Brief Repeatable Battery of Neuropsychological Tests (BRB-N). BRB uses as a research tool for evaluating short-term changes in cognitive function in patients with MS and was designed to be brief [7] . This test consists of 5 subtests as follows:

Selective Reminding Test (SRT). The SRT is a measure of verbal learning and delayed recall of a 12-word list and uses six consecutive learning trials and a delayed trial [7] . The Long-Term Storage (LTS) score represents the sum of words recalled on two consecutive trials without reminding. The total sum of the words in LTS of all six trials is recorded (SRT-LTS). The Consistent Long-Term Retrieval (CLTR) score is the sum of words recalled on all the subsequent trials without reminding. The total sum of the words in CLTR of all six trials is taken (SRTCLTR). The Total Delay score is the number of words recalled after a delay of 10 minutes [8] .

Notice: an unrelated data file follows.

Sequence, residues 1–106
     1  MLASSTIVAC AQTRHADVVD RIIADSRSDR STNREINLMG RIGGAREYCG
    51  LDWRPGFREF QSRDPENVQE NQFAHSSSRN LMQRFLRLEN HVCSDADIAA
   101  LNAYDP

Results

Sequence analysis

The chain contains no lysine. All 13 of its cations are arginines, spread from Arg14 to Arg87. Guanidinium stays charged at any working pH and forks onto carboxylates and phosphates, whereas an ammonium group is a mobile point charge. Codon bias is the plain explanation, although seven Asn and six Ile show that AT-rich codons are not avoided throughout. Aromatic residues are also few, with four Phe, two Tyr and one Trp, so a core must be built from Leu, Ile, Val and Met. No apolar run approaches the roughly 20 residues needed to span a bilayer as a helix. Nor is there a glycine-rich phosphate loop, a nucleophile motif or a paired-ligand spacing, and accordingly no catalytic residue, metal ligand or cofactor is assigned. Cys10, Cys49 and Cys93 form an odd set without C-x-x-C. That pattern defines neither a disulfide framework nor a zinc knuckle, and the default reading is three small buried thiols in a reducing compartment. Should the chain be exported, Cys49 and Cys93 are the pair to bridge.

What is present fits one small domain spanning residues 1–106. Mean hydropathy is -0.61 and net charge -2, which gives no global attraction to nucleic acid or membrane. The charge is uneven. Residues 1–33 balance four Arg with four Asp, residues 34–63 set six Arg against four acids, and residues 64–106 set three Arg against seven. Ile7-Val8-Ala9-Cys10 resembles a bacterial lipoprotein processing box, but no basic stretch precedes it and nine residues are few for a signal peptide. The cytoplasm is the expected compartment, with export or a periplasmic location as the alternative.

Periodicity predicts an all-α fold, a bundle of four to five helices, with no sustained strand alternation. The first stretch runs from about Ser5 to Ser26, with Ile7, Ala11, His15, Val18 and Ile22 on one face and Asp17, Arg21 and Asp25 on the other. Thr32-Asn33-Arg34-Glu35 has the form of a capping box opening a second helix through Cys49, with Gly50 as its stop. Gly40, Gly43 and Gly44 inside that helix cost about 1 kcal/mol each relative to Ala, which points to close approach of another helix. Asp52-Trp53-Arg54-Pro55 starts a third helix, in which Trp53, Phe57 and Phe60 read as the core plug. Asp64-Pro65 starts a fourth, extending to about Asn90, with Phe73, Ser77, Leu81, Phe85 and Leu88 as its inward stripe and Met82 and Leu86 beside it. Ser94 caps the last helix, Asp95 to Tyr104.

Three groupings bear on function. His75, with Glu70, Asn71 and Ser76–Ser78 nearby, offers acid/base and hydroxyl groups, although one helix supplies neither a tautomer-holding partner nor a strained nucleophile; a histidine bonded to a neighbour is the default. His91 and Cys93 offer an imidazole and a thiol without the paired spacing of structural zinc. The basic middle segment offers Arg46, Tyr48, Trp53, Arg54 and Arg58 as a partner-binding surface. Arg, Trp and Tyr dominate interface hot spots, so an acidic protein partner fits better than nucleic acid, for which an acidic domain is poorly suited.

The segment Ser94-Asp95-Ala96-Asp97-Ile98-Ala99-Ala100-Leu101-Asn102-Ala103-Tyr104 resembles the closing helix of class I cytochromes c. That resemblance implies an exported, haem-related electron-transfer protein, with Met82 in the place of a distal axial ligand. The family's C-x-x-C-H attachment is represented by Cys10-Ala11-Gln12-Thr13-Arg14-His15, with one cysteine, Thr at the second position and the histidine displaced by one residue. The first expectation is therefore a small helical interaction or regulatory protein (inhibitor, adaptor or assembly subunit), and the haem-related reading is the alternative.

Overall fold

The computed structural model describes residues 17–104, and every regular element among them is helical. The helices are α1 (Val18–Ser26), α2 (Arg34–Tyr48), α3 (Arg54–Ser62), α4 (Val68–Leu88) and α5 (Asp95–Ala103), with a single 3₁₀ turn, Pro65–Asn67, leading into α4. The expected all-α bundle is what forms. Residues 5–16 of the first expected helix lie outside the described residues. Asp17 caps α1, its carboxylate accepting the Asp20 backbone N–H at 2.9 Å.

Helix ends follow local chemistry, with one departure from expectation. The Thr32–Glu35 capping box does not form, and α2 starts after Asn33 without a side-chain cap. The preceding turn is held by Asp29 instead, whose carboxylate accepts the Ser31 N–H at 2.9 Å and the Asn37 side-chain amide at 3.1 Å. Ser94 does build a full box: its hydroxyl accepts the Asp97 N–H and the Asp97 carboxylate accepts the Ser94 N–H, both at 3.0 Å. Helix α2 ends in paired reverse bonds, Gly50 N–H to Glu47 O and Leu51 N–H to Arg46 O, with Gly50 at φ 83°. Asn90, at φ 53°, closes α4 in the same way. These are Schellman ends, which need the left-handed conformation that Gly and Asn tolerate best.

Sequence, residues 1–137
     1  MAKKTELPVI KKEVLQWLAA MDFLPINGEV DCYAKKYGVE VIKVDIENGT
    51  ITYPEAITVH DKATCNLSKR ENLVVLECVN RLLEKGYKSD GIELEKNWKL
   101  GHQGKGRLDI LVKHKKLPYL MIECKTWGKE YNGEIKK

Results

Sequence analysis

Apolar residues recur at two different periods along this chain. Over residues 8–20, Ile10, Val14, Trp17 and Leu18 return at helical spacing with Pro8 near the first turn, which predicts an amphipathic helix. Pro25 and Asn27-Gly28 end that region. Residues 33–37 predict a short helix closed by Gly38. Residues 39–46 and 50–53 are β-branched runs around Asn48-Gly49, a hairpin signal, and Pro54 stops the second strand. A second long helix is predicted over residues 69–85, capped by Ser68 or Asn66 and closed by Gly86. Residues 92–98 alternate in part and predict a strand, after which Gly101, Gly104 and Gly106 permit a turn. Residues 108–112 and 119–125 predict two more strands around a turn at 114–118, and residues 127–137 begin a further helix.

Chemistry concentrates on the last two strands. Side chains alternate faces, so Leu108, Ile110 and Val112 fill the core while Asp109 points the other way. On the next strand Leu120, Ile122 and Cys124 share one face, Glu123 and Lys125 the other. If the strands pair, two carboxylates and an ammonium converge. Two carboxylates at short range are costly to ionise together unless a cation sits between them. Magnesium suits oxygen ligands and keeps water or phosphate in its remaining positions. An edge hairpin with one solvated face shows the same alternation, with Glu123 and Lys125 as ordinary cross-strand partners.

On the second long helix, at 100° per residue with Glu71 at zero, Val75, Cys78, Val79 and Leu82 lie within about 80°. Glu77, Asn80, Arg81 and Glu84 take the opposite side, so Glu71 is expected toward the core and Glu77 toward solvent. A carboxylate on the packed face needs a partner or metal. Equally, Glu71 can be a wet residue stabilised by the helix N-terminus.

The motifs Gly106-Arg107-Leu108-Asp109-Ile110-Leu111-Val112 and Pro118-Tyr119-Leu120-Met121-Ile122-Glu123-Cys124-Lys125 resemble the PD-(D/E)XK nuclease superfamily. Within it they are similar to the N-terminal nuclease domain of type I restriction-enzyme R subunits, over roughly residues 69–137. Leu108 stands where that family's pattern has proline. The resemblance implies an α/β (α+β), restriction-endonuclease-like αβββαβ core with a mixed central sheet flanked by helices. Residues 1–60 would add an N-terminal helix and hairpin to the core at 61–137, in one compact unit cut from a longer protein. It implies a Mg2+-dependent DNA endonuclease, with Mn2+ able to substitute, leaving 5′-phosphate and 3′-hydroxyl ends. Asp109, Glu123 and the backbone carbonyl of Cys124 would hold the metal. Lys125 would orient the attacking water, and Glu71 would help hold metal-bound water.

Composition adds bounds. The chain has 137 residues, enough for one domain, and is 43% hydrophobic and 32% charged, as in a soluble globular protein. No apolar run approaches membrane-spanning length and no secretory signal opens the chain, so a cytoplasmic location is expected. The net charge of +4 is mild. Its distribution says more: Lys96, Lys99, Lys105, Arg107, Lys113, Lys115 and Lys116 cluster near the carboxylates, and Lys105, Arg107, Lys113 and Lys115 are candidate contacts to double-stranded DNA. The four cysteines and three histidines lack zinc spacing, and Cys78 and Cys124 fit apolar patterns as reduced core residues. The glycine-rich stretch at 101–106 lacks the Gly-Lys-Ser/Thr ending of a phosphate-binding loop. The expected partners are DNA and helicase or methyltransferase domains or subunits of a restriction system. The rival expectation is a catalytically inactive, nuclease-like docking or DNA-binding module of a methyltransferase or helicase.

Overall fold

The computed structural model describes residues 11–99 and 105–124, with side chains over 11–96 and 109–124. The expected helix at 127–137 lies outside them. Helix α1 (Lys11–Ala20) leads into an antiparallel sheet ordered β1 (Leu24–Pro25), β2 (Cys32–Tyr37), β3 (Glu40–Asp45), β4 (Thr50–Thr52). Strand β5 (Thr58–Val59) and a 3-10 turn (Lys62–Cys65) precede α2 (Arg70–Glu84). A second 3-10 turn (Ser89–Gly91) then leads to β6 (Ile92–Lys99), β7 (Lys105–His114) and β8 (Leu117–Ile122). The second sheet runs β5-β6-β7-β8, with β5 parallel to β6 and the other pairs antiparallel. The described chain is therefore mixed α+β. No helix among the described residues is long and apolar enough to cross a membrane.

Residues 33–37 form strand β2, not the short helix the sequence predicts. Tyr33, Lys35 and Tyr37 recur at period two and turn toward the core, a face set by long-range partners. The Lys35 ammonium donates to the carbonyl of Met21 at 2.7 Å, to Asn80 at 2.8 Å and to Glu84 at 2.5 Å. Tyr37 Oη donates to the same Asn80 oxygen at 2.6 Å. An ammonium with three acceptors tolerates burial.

Spatial Recall Test. The 10/36 SPART measures visuospatial learning and memory [8] . It requires subjects to recall the placement of 10 checkers that are randomly placed on checkerboard. One score is the sum of correct responses in the three immediate recall trials (10/36 SRT). The other score is delayed recall after 15 minutes (10/36 SRT Delay).

Symbol Digit Modalities Test. The SDMT investigates sustained and complex attention, information processing speed and working memory [9] . It presents a series of nine symbols, each paired with a single digit, labeled 1 - 9, in a key at the top of a sheet. During 90 seconds, the subject substitutes as many symbols as possible by the corresponding number and responds verbally. The score is the number of correct substitutions.